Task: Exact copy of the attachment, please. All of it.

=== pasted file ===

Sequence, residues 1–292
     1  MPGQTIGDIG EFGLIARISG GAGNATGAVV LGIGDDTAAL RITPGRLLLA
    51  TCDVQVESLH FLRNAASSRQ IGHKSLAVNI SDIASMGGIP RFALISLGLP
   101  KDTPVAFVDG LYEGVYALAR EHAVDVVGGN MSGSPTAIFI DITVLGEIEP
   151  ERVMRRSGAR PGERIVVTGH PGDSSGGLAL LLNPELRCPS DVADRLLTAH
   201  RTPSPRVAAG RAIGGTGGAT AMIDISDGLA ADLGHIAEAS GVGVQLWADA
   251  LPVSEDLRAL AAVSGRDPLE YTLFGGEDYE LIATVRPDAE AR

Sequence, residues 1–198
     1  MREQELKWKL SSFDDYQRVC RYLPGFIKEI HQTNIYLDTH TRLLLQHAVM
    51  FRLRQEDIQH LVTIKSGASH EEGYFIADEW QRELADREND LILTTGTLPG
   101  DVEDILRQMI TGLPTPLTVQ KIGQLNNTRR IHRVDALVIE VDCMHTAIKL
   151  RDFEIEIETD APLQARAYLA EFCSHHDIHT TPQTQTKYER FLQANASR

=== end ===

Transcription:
Sequence, residues 1–292
     1  MPGQTIGDIG EFGLIARISG GAGNATGAVV LGIGDDTAAL RITPGRLLLA
    51  TCDVQVESLH FLRNAASSRQ IGHKSLAVNI SDIASMGGIP RFALISLGLP
   101  KDTPVAFVDG LYEGVYALAR EHAVDVVGGN MSGSPTAIFI DITVLGEIEP
   151  ERVMRRSGAR PGERIVVTGH PGDSSGGLAL LLNPELRCPS DVADRLLTAH
   201  RTPSPRVAAG RAIGGTGGAT AMIDISDGLA ADLGHIAEAS GVGVQLWADA
   251  LPVSEDLRAL AAVSGRDPLE YTLFGGEDYE LIATVRPDAE AR

Sequence, residues 1–198
     1  MREQELKWKL SSFDDYQRVC RYLPGFIKEI HQTNIYLDTH TRLLLQHAVM
    51  FRLRQEDIQH LVTIKSGASH EEGYFIADEW QRELADREND LILTTGTLPG
   101  DVEDILRQMI TGLPTPLTVQ KIGQLNNTRR IHRVDALVIE VDCMHTAIKL
   151  RDFEIEIETD APLQARAYLA EFCSHHDIHT TPQTQTKYER FLQANASR